Endangered Species: Gila Woodpecker

Animals of all kinds are struggling to survive as our world changes. Day by day, people require even more space, food, etc., and all these demands put a squeeze on the earth’s resources, including its wildlife. The biggest problem for wildlife today is that people destroy and change natural landscapes and animals lose places that they need to live in. Otherwise known as Melanerpes uropygialis, the Gila woodpecker is being threatened with extinction. There is a large environmental impact on this endangered animal. The Gila woodpecker is very unique bird in which no similar species overlap its range. In relation there is the Red-bellied Woodpecker and the Golden-fronted Woodpecker. There is much to know about the Gila woodpecker and its environment.

The Gila woodpecker has a zebra-striped back and a plain, grayish tan head and breast. They have black wings, which are spotted with white. The white spots can be seen while the bird is in flight. It has a white rear and upper tail with small dark barring. The adult males have small, red caps on the top of their head. These woodpeckers are chisel-billed and wood boring. They also have very powerful feet, extremely long tongues, and stiff spiny tails that act as tails while climbing. The Gila woodpecker reaches about 23 cm in length.

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The Gila woodpeckers all have a similar habitat. Most live in California riparian woodlands, cottonwood groves, parklands and residential neighborhoods that have tall trees all year round. Also, the Gila woodpecker is common in cactus woodlands in southwestern U.S. and northwestern Mexico. The Gila woodpecker is especially noisy and is known for making saguaro-hole homes. Woodpeckers tend to use the same nesting hold twice, but the holes are often taken by rodents and other animals. After constructing these holes in trees, they tend to resemble aviary apartment houses.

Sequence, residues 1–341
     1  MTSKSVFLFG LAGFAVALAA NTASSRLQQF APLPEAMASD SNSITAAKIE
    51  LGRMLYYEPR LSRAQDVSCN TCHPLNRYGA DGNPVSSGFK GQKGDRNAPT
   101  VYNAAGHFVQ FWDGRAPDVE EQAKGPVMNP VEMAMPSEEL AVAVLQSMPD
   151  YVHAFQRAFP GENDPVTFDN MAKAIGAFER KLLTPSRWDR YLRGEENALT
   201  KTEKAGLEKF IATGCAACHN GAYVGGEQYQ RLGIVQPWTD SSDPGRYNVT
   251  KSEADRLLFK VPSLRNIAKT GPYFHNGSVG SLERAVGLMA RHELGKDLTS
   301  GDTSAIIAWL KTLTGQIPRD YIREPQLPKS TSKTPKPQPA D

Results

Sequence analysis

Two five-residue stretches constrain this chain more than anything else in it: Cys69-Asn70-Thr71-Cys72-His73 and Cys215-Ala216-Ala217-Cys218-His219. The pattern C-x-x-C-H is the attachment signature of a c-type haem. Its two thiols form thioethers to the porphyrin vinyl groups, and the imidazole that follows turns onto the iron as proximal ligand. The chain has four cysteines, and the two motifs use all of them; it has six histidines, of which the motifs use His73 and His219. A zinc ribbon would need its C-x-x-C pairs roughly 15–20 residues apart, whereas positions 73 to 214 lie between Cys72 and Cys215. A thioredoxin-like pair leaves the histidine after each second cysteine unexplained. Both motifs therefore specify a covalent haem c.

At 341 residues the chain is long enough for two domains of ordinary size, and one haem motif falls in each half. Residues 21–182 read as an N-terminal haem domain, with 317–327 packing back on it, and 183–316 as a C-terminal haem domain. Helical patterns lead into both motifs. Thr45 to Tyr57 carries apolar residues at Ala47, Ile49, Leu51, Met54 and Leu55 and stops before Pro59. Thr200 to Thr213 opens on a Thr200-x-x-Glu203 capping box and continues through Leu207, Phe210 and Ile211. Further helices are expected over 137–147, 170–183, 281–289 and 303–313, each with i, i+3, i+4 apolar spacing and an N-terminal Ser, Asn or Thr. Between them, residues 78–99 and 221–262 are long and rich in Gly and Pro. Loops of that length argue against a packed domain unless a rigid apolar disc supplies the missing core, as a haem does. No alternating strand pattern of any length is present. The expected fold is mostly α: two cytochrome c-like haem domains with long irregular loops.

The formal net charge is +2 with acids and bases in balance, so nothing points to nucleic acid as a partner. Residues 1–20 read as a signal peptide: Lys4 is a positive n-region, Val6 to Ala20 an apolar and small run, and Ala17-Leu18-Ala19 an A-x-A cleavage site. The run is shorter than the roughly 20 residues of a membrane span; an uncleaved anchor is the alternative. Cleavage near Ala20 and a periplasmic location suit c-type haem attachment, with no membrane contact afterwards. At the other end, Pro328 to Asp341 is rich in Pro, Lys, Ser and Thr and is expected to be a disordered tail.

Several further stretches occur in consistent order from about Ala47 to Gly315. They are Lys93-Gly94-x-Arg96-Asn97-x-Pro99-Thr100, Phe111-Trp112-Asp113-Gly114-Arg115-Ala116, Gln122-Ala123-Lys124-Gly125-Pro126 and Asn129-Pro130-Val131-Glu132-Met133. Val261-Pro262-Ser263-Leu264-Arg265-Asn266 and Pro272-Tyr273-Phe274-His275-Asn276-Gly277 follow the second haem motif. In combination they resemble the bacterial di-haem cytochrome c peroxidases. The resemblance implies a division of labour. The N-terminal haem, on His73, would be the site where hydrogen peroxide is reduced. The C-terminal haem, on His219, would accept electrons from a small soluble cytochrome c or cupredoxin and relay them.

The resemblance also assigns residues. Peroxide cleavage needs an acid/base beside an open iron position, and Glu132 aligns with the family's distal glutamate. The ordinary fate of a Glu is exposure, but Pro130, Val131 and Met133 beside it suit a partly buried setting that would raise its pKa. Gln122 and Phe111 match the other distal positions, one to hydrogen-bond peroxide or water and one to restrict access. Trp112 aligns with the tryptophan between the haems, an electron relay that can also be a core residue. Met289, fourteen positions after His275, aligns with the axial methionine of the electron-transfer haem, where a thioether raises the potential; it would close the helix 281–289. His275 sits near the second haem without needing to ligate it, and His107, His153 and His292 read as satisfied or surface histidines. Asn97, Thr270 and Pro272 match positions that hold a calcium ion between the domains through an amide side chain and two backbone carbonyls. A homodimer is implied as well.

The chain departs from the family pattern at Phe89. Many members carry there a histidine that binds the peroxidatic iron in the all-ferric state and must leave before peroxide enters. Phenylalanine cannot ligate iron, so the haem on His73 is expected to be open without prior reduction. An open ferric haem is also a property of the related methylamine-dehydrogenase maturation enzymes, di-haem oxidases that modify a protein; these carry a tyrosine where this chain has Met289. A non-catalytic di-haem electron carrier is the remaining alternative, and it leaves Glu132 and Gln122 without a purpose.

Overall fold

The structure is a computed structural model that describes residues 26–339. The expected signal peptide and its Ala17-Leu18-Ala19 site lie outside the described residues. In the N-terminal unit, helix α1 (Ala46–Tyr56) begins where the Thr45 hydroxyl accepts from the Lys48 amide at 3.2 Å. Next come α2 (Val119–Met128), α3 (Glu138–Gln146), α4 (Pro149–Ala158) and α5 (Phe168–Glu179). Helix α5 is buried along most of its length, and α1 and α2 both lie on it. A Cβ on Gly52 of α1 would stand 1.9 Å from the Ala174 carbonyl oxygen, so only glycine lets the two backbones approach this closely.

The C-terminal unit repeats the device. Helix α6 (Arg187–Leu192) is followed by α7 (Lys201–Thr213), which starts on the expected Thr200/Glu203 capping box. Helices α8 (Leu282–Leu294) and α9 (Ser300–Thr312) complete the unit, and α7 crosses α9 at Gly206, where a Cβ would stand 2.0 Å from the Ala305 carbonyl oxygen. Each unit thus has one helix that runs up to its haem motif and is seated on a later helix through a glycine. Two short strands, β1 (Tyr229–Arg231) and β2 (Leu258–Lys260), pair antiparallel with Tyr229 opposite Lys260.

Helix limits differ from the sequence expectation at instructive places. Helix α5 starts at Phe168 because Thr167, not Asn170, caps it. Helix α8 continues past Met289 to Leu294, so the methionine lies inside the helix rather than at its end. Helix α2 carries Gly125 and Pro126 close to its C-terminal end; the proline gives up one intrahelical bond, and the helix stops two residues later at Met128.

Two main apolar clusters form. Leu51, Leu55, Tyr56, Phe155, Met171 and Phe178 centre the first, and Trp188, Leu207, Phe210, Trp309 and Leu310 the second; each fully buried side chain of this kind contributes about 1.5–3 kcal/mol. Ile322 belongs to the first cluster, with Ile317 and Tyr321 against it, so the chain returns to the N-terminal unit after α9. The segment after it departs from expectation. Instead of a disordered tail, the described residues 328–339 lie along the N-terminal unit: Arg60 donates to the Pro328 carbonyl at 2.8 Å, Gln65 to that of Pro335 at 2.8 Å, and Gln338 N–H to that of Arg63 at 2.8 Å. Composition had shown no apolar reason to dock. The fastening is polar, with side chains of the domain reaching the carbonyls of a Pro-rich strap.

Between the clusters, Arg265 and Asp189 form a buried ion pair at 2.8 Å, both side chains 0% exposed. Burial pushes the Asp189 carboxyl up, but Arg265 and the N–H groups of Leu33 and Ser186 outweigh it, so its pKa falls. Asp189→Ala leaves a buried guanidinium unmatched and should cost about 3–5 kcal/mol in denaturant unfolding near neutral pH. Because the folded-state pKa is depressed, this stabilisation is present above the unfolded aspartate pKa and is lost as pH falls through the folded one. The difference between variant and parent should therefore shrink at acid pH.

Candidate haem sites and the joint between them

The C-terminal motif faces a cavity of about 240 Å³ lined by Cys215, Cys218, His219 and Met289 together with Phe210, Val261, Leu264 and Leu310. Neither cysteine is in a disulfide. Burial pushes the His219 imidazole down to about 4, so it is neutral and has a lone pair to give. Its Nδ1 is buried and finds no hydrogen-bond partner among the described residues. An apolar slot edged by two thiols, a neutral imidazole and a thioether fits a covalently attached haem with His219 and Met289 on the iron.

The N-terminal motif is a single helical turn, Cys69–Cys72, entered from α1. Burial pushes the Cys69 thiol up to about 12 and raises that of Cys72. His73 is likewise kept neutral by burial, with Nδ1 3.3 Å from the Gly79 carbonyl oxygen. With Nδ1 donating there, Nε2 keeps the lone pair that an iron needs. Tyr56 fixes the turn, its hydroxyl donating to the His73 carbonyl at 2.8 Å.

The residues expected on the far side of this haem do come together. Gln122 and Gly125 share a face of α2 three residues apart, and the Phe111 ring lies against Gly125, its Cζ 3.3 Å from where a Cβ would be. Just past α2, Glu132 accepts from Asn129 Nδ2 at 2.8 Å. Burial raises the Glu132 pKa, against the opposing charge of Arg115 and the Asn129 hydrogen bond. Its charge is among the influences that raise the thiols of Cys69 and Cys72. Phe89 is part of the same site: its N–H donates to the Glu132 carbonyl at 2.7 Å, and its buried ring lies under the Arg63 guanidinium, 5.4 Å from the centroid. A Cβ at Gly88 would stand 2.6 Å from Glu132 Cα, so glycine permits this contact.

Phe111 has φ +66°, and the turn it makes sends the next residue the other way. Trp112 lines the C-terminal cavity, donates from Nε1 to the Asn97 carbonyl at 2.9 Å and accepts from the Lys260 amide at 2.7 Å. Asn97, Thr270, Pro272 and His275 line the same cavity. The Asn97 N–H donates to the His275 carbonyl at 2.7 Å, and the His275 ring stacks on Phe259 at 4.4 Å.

The diet of the Gila woodpecker consists of insects, ants and mistletoe berries in the winter. They make their homes in dead tree limbs and trunks. Females, who do not have red caps on their head, usually lay 3-5 eggs, which hatch in April. The young can fly in approx. one month and in most conditions a second brood fledges by late June.

The reasons for the decline of the Gila woodpecker are competition with European starling. Also, few healthy native woodlands remain, which force birds into less than ideal habitats.

Most people feel it is important to save wildlife, but sometimes conservation appears to interfere with other seemingly important things. If, for example, people make a living by cutting down trees, they may feel that the protection of an endangered species puts their jobs in jeopardy. Business making large profits from an industry may not want to change their practices in order to preserve species either. Governments may become involved in resolving these issues, but because of these issues, saving the wildlife is quite a difficult task.

Most endangered species are not well known. Many are not cute or appealing to humans. Nevertheless, these creatures often play vital roles in nature. They are all part of a life known to exist in the universe, and worth a great effort to keep alive in the wild habitats of this home we share.


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Endangered Species: Gila Woodpecker. (2018, Jun 06). Retrieved from https://graduateway.com/gila-woodpecker-essay/